After a detour through a pocket P-Patch in the heart of Capitol Hill, we arrived at Alleycat Acres on 22nd and Union.  The borage flowers were in full swing, swarmed by honeybees. We were impressed by the farm’s professional trellising system for tomatoes and marveled over the plants’ heavy fruit set.

Photo courtesy of Whitney Ford-Terry

 

 

 

 

 

 

 

 

 

 

 

 

 

 

 

We meandered through the Central District to Columbia Street, spotting parking strip raspberry bushes and carefully cultivated traffic circles amidst barren lots and construction zones. Zipping east along the Pollinator Pathway, we caught bursts of color and the scent of lavender. We took a detour to a private home near Dearborn & MLK famous for unique stacked container gardens- an inspiration for the re-use of household junk!

Photo courtesy of Whitney Ford-Terry

 

 

 

 

 

 

 

 

 

 

 

 

After a fast ride through I-90 trail to Beacon Hill Greenway, we climbed up 18th S.; our labor brightened by the presence of vibrant flower gardens and terraced vegetables. Cresting the hill at Lander Street, we headed to the Cesar Chavez Master Gardeners Demonstration Garden at El Centro de la Raza.

 

We stopped by several lively urban farms as we followed the Greenway to the end of our journey, the Beacon Food Forest. The sun shining brightly, we were treated to a tour and history of the project by co-founder Glenn. The Forest was in a full swing work-party; volunteers were mulching new trees and tending veggies in the ‘sharing garden.’

Photo courtesy of Whitney Ford-Terry

 

 

 

 

 

 

 

 

 

 

 

 

Photo courtesy of Whitney Ford-Terry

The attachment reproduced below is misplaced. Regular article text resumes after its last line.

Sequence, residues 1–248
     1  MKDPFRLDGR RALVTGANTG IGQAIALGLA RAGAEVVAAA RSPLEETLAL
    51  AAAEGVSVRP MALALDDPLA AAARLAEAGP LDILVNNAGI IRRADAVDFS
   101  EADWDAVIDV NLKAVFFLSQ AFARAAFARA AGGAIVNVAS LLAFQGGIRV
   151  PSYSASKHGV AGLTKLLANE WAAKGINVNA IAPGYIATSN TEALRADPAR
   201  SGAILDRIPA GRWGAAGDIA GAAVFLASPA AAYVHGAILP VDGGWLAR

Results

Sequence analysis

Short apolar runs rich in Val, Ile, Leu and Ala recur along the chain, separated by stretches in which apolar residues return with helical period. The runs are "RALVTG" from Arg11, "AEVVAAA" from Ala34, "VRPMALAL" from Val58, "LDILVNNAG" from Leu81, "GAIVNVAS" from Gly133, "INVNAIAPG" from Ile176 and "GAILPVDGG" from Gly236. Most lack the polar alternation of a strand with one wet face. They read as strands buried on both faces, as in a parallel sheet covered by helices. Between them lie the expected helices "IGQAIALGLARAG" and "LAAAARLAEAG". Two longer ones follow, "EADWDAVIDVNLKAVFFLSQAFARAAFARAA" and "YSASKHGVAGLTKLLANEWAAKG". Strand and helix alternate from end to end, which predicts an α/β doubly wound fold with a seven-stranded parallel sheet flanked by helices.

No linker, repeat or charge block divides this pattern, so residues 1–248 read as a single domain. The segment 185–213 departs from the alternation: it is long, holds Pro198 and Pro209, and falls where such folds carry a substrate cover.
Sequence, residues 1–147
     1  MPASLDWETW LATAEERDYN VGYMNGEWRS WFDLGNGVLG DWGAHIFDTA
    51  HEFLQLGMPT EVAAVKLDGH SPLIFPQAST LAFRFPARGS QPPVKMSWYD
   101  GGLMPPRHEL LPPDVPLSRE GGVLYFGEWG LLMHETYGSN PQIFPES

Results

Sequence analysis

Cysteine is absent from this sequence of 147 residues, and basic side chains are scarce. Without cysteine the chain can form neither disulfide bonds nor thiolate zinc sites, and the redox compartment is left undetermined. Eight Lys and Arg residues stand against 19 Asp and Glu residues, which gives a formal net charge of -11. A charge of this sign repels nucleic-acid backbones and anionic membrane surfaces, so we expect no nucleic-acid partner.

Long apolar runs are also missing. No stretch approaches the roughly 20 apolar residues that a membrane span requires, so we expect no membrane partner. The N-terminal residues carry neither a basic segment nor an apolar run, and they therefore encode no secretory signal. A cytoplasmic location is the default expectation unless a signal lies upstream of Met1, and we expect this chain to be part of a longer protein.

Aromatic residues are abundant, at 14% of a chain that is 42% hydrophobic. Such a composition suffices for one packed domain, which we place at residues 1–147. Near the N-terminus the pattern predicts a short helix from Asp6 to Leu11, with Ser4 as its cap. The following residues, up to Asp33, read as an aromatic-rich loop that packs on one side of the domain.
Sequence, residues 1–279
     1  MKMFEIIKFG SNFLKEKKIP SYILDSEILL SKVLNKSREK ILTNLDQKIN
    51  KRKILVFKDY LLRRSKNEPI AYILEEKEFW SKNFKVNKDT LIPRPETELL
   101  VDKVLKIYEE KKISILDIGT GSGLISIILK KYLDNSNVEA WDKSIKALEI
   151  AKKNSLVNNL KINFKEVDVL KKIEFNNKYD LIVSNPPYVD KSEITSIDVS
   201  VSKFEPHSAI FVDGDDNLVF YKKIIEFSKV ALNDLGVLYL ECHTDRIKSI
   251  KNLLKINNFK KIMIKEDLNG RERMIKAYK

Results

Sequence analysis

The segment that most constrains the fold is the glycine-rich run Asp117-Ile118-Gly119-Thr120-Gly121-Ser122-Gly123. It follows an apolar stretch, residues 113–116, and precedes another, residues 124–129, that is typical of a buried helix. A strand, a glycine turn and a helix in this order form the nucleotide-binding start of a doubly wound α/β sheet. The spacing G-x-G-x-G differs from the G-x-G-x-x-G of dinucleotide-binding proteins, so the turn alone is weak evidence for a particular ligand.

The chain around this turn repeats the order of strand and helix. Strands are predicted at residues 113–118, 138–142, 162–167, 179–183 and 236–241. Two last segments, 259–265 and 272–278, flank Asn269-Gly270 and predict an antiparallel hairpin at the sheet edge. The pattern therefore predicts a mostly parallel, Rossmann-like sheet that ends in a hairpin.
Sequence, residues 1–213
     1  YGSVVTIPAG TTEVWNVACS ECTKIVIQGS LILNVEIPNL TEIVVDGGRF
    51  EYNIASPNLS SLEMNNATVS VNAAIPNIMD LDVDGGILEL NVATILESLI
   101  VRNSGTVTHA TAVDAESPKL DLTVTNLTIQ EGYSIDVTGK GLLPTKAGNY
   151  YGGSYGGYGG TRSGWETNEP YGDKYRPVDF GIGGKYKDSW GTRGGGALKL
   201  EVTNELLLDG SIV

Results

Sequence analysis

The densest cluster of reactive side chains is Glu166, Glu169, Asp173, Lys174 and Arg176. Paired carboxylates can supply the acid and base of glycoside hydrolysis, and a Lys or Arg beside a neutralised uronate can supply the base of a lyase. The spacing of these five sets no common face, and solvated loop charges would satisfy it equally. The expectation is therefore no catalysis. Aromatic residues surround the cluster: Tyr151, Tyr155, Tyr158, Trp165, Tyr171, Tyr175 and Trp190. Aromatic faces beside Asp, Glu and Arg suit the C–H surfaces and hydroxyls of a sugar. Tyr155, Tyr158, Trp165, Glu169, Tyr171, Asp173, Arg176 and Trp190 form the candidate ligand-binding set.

Photo courtesy of Whitney Ford-Terry

 

 

 

 

 

 

 

 

 

 

 

 

Want to see or ride it for yourself? Download this map here for a full list of site and locations.

 

Photos by Adam Balfour and Joanna Lepore.

The Week Ahead @ Henry

This week will be an auditory adventure — full of sounds, sun, and… paddles?

 

Performance: Seattle Phonographers Union

Thursday, July 24, 7-9 PM

Field Recording a Glacier. Photo courtesy of Steve Peters.

Field Recording a Glacier. Photo courtesy of Steve Peters.

 

 

 

Join exhibiting artist Steve Peters for a live performance and sonic investigation with the Seattle Phonographers Union in conjunction with With Hidden Noise, on view through September 7.

The Seattle Phonographers Union is a collective that improvises with unprocessed field recordings to explore the ways in which we recognize, differentiate, map, and navigate our sonic environment.

$5 Henry members

$10 General public

Buy your tickets HERE!

 

Summer Field Studies: Friendship Trail

Saturday, July 26, 2014, 1-5 PM

 

no wake

 

 

 

 

 

 

 

 

 

 

 

This week, Summer Field Studies features an afternoon in which participants will paddle through the Lake Washington Arboretum in search of musical acts, hidden in the bushes. Led by Nautical Adventure Seeker Clyde Petersen of Boating with Clyde.

The event is BYOBoat, and will meet on Foster Island.

 

Now on view:

Electro-dynamic Drawings: Andrew Deutsch and Stephen Vitiello

With Hidden Noise 

Rineke Dijkstra and Thomas Struth: See•ing

Ken Price: Inside/Outside

 

Upcoming events:

Thursday, July 31, 12:30-1 PM

Public Tour: Art Break!

Saturday, August 2, 10 AM-10 PM